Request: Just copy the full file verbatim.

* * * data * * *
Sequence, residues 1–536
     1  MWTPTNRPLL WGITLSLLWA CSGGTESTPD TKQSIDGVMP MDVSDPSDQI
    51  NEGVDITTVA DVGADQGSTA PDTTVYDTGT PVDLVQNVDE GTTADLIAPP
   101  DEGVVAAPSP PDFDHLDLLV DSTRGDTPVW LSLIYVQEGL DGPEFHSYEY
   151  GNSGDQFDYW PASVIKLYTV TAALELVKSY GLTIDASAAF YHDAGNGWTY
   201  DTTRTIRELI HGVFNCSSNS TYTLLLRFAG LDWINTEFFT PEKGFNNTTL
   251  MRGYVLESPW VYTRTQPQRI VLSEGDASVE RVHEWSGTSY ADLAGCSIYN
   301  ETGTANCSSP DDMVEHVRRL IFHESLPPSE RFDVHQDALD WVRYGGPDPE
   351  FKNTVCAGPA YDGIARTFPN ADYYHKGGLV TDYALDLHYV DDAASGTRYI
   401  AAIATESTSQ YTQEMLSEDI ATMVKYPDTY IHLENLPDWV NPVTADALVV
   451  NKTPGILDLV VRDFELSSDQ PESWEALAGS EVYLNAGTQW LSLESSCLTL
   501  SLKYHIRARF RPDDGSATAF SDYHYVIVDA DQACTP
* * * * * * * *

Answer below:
Sequence, residues 1–536
     1  MWTPTNRPLL WGITLSLLWA CSGGTESTPD TKQSIDGVMP MDVSDPSDQI
    51  NEGVDITTVA DVGADQGSTA PDTTVYDTGT PVDLVQNVDE GTTADLIAPP
   101  DEGVVAAPSP PDFDHLDLLV DSTRGDTPVW LSLIYVQEGL DGPEFHSYEY
   151  GNSGDQFDYW PASVIKLYTV TAALELVKSY GLTIDASAAF YHDAGNGWTY
   201  DTTRTIRELI HGVFNCSSNS TYTLLLRFAG LDWINTEFFT PEKGFNNTTL
   251  MRGYVLESPW VYTRTQPQRI VLSEGDASVE RVHEWSGTSY ADLAGCSIYN
   301  ETGTANCSSP DDMVEHVRRL IFHESLPPSE RFDVHQDALD WVRYGGPDPE
   351  FKNTVCAGPA YDGIARTFPN ADYYHKGGLV TDYALDLHYV DDAASGTRYI
   401  AAIATESTSQ YTQEMLSEDI ATMVKYPDTY IHLENLPDWV NPVTADALVV
   451  NKTPGILDLV VRDFELSSDQ PESWEALAGS EVYLNAGTQW LSLESSCLTL
   501  SLKYHIRARF RPDDGSATAF SDYHYVIVDA DQACTP